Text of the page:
Best reasons not to declaw your cat
Coraline’s caregivers at Cat World describe her coat as “talico,” or a mixture of calico and tabby. She has white markings and big orange patches mixed in with her brown tabby stripes. The look is just unique enough to catch the eye of a potential adopter, and Coraline, curled up in her cozy cat bed, seems calm and sweet. But last year when the 12-year-old cat lost her home and found herself in a shelter, her chances of being adopted were slim.
A feline declaw surgery gone wrong
Even while she was living in a foster home, Coraline was struggling and lashing out at people. Though she seemed friendly from afar, things changed when people got up close. Coraline did not want to be touched, and she wasn’t afraid to say, “No way” to being petted. She would hiss and try to bite if anyone reached out to touch her below her front shoulders or try to pick her up. She got especially defensive by swatting at anyone who went near her feet.
The reason for Coraline’s behavior was heartbreaking. She was suffering chronic pain because of a feline declaw surgery that had gone wrong. Because she was so protective of her sensitive feet, she was getting an unfair reputation as a mean and grumpy cat. She needed help to get her life back on track, and so she was brought to Best Friends.
Is cat declawing cruel?
Although cat declawing is considered inhumane and considered illegal in many countries, it is still done regularly in the U.S. Most people who decide to have their cats declawed do so to protect their furniture from being scratched or to guard against injury to themselves and family members.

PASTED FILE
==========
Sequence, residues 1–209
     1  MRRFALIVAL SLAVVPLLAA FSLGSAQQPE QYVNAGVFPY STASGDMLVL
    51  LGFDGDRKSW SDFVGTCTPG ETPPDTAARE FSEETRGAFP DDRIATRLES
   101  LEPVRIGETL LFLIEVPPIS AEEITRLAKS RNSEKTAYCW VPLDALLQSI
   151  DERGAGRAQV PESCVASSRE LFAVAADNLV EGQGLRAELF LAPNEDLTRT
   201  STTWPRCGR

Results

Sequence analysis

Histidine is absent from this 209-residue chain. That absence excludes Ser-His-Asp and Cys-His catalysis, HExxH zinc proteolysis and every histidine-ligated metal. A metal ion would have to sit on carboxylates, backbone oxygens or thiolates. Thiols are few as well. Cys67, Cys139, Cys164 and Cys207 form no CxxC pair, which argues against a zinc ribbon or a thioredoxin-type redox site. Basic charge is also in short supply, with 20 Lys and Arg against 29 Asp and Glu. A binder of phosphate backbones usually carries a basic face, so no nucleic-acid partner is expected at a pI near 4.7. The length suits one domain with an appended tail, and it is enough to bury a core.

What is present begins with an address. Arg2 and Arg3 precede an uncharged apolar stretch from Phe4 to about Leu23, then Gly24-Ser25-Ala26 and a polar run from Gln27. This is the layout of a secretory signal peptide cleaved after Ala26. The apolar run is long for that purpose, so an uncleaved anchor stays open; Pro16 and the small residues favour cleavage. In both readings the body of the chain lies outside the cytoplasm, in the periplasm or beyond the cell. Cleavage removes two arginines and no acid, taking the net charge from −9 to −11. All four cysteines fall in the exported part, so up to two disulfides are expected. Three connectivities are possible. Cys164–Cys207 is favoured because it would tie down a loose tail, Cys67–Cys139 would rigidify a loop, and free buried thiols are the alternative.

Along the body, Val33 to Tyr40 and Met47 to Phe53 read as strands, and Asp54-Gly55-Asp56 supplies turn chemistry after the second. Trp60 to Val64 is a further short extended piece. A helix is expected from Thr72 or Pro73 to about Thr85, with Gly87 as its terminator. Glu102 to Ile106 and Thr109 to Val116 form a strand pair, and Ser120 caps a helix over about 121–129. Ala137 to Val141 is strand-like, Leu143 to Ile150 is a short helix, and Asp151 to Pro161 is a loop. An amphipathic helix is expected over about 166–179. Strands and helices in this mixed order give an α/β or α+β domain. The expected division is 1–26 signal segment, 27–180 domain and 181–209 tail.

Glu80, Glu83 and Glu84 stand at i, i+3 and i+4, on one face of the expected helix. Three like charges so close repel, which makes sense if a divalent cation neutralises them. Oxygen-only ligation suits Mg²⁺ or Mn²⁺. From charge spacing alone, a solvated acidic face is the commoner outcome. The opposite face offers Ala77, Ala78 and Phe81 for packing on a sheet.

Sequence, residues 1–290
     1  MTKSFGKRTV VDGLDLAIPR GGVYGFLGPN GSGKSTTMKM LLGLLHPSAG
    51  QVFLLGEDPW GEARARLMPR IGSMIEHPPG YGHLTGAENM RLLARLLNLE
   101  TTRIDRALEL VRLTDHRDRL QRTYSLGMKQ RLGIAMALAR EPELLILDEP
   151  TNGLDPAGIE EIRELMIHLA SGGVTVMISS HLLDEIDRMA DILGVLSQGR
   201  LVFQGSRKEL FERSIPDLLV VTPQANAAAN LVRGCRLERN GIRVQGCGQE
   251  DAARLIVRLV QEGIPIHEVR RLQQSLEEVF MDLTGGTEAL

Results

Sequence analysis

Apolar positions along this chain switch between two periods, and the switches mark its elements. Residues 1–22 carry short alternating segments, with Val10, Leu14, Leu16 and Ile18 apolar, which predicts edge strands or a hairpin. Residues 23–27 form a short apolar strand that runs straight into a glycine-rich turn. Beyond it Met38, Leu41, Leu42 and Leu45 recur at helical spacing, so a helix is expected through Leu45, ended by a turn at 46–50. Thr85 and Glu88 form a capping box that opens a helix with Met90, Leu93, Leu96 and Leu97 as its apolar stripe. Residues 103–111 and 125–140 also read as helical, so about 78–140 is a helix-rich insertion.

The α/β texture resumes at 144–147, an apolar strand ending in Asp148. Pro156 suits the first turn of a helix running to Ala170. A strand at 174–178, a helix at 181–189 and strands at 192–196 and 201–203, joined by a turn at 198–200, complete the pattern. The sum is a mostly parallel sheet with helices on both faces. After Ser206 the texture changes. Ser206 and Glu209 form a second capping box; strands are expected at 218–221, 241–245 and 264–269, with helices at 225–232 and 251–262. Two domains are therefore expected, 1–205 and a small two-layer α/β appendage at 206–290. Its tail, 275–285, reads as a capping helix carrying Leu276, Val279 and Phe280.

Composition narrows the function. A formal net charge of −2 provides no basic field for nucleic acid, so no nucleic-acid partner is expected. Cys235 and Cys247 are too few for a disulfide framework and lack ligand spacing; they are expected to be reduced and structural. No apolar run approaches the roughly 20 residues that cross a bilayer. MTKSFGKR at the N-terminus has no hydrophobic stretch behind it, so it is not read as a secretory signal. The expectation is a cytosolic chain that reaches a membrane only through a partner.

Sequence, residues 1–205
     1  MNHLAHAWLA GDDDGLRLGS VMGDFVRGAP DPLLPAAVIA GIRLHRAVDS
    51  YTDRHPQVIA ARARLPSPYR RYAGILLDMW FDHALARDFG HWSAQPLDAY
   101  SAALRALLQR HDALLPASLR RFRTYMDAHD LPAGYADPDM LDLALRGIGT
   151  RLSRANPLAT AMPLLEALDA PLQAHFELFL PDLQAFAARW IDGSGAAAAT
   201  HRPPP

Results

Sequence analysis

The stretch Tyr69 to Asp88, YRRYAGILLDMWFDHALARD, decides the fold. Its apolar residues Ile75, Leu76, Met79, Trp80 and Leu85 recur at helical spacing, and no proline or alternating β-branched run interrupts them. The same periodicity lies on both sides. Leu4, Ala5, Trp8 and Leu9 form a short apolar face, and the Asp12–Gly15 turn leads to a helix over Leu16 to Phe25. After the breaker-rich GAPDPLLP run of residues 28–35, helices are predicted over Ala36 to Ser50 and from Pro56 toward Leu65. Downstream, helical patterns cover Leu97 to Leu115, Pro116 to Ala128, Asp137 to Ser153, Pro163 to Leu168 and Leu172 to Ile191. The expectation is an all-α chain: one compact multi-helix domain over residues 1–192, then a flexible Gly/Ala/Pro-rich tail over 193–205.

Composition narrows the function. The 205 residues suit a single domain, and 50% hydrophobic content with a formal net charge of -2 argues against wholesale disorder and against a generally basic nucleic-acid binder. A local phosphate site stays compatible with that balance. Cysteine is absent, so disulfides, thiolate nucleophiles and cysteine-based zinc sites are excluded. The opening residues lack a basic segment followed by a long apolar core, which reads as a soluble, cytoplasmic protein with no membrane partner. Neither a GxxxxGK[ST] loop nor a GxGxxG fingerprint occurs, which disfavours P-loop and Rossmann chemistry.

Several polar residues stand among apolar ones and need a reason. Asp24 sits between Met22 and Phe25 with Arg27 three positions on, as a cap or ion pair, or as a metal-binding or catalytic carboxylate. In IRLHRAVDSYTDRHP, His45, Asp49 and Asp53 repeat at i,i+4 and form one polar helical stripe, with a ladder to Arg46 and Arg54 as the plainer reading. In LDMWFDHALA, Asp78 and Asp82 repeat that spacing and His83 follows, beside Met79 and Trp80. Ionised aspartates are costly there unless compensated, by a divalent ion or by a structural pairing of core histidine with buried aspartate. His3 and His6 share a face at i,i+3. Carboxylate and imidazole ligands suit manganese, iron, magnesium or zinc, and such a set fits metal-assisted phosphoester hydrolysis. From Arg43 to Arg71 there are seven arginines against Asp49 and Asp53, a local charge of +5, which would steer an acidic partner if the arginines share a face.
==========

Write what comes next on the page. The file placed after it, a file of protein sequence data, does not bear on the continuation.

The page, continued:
What many people don’t realize is that declawing surgery is an amputation of each toe at the first joint. That can cause chronic pain, which in turn can cause behavioral problems. Because cats’ paws remain sensitive after the surgery, they may avoid scratching around in their litter boxes and choose to relieve themselves outside the litter box; or, like Coraline, they may develop other behavioral problems not present before the surgery.
Although Coraline’s people weren’t trying to be cruel, the feline declaw procedure left her with permanent damage to her feet. When the normally sweet cat suddenly refused to be touched and became “ornery,” she lost her home. Had she stayed at the shelter, which didn’t have the resources to help her feel better physically or emotionally, she would have been at risk of being labeled “unadoptable,” which would put her life at risk.
Helping Coraline feel better
At the Sanctuary, the priority was helping Coraline feel better. If she was to enjoy life (and human touch) again, her pain had to be controlled. Best Friends vets quickly got to work figuring out the best combination of medication (currently a nerve blocker and joint support supplement) to manage her pain.
As Coraline’s pain faded with use of the medication, caregivers gradually began getting her used to being gently touched. Soon, she seemed to remember that she likes chin rubs and gentle scratches on her forehead. She’s even started approaching people to ask for attention instead of hissing and running away whenever it is offered. And while she may be 12, she’s once again interested in playing with toys. Sometimes she even leaps after whatever strikes her fancy — such as a tiny piece of kibble that’s fallen on the floor.
The best quality of life for a cat like Coraline
Since the cat declawing surgery, Coraline’s life has changed. She may always need medication to stay comfortable and content, and she may always put up a fuss about being picked up or having her legs and feet touched.
Her story can be considered a cautionary tale about the true cost to declaw cats, but there’s still a happy ending for Coraline. Because someone cared enough to find the reason she lashed out, she now has what is, for a cat like her, the best life possible. She also has a future and a real chance of finding a home where she can live happily ever after.
Photos by Kurt Budde